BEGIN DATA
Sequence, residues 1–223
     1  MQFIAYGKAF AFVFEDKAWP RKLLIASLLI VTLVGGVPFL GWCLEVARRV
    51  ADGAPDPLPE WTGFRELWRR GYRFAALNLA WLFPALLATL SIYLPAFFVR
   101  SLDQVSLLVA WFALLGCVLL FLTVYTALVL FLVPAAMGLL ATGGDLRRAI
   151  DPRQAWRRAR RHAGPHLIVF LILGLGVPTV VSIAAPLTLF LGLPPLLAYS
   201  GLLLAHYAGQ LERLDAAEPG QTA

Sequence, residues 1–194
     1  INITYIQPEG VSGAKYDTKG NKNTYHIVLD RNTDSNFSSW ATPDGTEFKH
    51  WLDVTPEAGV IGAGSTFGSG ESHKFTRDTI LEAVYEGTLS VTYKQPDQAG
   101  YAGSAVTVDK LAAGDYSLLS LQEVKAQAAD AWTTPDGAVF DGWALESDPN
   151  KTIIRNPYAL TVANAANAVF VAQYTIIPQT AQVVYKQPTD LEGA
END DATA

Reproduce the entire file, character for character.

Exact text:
Sequence, residues 1–223
     1  MQFIAYGKAF AFVFEDKAWP RKLLIASLLI VTLVGGVPFL GWCLEVARRV
    51  ADGAPDPLPE WTGFRELWRR GYRFAALNLA WLFPALLATL SIYLPAFFVR
   101  SLDQVSLLVA WFALLGCVLL FLTVYTALVL FLVPAAMGLL ATGGDLRRAI
   151  DPRQAWRRAR RHAGPHLIVF LILGLGVPTV VSIAAPLTLF LGLPPLLAYS
   201  GLLLAHYAGQ LERLDAAEPG QTA

Sequence, residues 1–194
     1  INITYIQPEG VSGAKYDTKG NKNTYHIVLD RNTDSNFSSW ATPDGTEFKH
    51  WLDVTPEAGV IGAGSTFGSG ESHKFTRDTI LEAVYEGTLS VTYKQPDQAG
   101  YAGSAVTVDK LAAGDYSLLS LQEVKAQAAD AWTTPDGAVF DGWALESDPN
   151  KTIIRNPYAL TVANAANAVF VAQYTIIPQT AQVVYKQPTD LEGA